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Keeping Barn Plants Alive

Keeping Barn Plants Alive

Currently living barn fernsIn our travels we’ve seen some pretty fancy barns. We’re not rich so we can’t afford a landscaping staff to decorate and care for our barn plants like the beautiful Biltmore Mansion stables, for example. But as soon as the weather warms enough to stop threatening frost, I look for ways to liven up the place. Last year I added simple black metal hangers from our barn posts and bought some ferns. This may sound weird but I saw something similar on the porch of a funeral home and I liked how it looked. But I have a poor history with plants. Some colorblindness prevents me from easily telling the difference between green and brown. Unless something is shriveled up, I’m likely to keep watering it, wondering why it doesn’t grow or flower again. I also tend to have trouble with how often to water plants so I either over or under water. Ferns looked hardy. After all, they grow wild in the woods with no one to water them. How hard could it be? But a month into my barn beautification experiment I was reminded why I wasn’t a horticulturist. I might not have been able to tell if they were brown or green but those suckers looked dead to me. Unfazed by my plant failures from last year, I invested in some new ferns this year and I think I may have figured out the secret. Each day when I let the horses in, I water the ferns. Since they’re in hanging baskets, they seem to dry out quickly. And judging from the moist environment in the mountains where ferns thrive, I’m guessing the container-bound ferns prefer to be moist as well. I judge how much water to give them by sensing the weight empty versus wet. I’ve gone as long as a single day without watering without trouble. It’s extra work but the results are worth it to me. I’m going to have to find someone to water my plants when we go on vacation.

I learned one important lesson that in retrospect should have been obvious. Do not put a plant within reach of horses. Remember, they have long necks! Last year Moonshine ate the fern on the pole nearest the pasture.

I’d love to hear how you decorate your barn with plants or flowers in the warmer months. Any green thumbs out there? In the meantime, maybe someone can tell me if the ferns in the picture are green or brown. 🙂

Romeo gets his head stuck

Romeo gets his head stuck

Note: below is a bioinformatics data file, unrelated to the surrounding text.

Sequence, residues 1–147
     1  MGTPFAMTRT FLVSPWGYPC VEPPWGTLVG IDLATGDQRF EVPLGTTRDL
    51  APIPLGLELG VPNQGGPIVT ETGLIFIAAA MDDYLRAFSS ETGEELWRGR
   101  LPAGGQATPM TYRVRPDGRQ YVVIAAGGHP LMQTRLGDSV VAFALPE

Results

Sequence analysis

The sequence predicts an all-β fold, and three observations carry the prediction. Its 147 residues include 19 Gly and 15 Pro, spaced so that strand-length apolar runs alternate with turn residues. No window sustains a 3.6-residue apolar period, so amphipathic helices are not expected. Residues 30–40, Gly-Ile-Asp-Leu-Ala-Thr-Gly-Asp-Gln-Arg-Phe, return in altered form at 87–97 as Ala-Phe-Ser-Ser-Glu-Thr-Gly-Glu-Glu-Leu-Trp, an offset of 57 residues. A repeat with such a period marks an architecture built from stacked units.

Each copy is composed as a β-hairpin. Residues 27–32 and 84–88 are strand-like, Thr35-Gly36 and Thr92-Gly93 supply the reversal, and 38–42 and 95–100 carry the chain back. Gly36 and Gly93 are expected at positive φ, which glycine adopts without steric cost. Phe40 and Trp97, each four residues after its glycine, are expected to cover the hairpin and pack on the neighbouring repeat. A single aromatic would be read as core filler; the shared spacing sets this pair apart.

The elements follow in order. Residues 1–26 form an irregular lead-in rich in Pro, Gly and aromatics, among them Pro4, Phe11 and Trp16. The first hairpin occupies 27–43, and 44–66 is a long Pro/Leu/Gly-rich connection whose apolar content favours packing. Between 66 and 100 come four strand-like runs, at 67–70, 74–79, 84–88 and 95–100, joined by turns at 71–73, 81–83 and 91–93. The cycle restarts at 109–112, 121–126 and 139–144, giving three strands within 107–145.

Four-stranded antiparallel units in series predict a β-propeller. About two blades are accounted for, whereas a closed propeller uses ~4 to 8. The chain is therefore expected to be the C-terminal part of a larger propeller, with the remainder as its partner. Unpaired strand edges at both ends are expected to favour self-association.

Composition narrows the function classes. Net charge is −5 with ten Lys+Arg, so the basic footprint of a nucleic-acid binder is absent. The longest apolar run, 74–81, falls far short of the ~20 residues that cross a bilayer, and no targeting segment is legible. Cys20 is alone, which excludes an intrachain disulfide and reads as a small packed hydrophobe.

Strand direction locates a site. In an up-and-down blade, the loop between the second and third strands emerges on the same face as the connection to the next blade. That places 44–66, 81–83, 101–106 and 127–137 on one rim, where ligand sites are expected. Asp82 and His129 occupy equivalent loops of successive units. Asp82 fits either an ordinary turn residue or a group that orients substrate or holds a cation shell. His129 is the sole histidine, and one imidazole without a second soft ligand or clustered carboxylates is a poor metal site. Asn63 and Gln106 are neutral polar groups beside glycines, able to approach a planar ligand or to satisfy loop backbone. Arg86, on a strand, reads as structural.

Yesterday I went to the barn to let the horses out and to my surprise Romeo greeted me with his head through the gate we use for his stall. He’s always the one who has his head through a fence eating grass so it wasn’t unusual but after a few minutes it became apparent that he couldn’t figure out how to get his head out of the gate. It’s funny now but I started worrying about his panicking and me trying to manipulate his head to freedom. Of course I expected he wouldn’t know what I was doing and would fight me. I briefly thought I might even had to get out a saw of some kind.

Now let me say right now that of all the animals I’ve worked with over the years, horses are probably the smartest I’ve come across. You can tell how much more intelligent they are from the way they learn and make decisions. Still, in situations like this I wonder.

Since I always seem to have a camera nearby, I grabbed one and pushed record as I tried an idea. If I could just get Romeo to move to the side a little and then incent him to turn his head sideways to fetch a carrot, maybe I could encourage him to fix this problem himself. And it worked. Below is a short (25 second) video.

So this has taught me a few things:

1) It’s important to check on the horses, even if they’re “safe” in the barn. If there is something to get scratched on or tangled in, they’ll find it. Romeo even scalped an inch square piece of fur from his head the day before on a little rough piece of metal on the fence (you can see it wrapped in twine in the video).

2) Perhaps gates aren’t the best wall substitutes. We intended on building a real wall with a wooden gate like the other stalls but just hadn’t gotten around to it yet. This reminds me of the importance to get that project done.

3) Try the simple first. Romeo clearly wasn’t panicked when I found him so it was a good idea to not freak out and look for some complicated solution. A few carrots did the trick in this case.

Have you had anything like this happen with your horse(s)? Please share your story.